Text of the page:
With next week’s NFL Draft fast approaching, reporter Jeremy Schaap and producer Simon Baumgart tell the fascinating life story of 1989 Draft pick Tony Mandarich for Sunday’s E:60 (9 a.m. ET, ESPN).
Mandarich’s cautionary tale offers a stark backdrop to what will transpire in Nashville beginning Thursday on ESPN and ABC.
Schaap says the five-hour interview with Mandarich was the longest he’s done in his 25 years as an ESPN reporter. But the story will end up being told in about 40 minutes on Sunday.
“If you’re of a certain age you remember Tony Mandarich as this incredible phenomenon,” Schaap said. “But people who know the story forgot the details and forgot that he made this comeback. And if you’re not of that age, his story is astonishing. There’s never been an offensive lineman that has generated that type of buzz.”
What happened to Mandarich as far as his addiction to drugs and alcohol is a story many can relate to, but his interactions and involvement with some of the most influential people in sports brings the Mandarich tale to a different level.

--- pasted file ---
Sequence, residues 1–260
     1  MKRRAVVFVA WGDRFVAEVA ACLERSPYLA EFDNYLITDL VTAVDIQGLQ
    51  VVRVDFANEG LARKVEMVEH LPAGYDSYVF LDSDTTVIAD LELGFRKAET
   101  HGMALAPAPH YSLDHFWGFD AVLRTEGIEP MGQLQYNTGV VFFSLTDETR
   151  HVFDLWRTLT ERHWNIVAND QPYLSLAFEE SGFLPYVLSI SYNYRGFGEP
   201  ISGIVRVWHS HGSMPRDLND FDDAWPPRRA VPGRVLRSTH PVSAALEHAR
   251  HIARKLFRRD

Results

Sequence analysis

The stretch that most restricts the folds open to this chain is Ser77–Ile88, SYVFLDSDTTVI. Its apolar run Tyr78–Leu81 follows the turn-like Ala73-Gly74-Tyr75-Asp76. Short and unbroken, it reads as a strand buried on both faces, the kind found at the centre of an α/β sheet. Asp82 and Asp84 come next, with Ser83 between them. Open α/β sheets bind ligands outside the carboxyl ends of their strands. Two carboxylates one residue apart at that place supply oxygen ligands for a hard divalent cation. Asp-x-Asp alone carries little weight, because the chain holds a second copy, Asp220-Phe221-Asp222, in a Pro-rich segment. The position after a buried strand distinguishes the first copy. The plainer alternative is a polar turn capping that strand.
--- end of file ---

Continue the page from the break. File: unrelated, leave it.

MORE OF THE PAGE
Schaap and Baumgart sat down with many of those bold-faced names including Nick Saban (assistant coach at Michigan State during Mandarich’s college career), Jim Harbaugh (his teammate with the Colts), Deion Sanders (a fellow 1989 draft class member) and Mandarich’s former teammates at the Packers including Don Majkowski, James Campen and Tim Harris.
“I think a lot of people ended up liking Tony and they were happy for him when he turned his life around,” Schaap said. “By the time he played with Harbaugh he was a different man. And Saban. . . well, he discovered him.”
Schaap said he read everything about Mandarich, including his book but there were still stories he had never heard before and are revealed in the piece.
“When I was interviewing [former Packers quarterback] Majkowski in Atlanta he told me a story about how Tim Harris humiliated Mandarich on his first day in a Packers uniform,” Schaap said. “I knew we had to get Harris. The interview with him ended up being one of my favorites in the piece.”
All of these characters helped tell Mandarich’s unique and inspiring story but what makes it so compelling is that Mandarich himself was an open book.
“Tony’s ability to tell his story is unusual,” Schaap said. “He’s a good storyteller, he’s a great character. If there’s anything that surprised me it was his willingness to go anywhere and talk about everything.”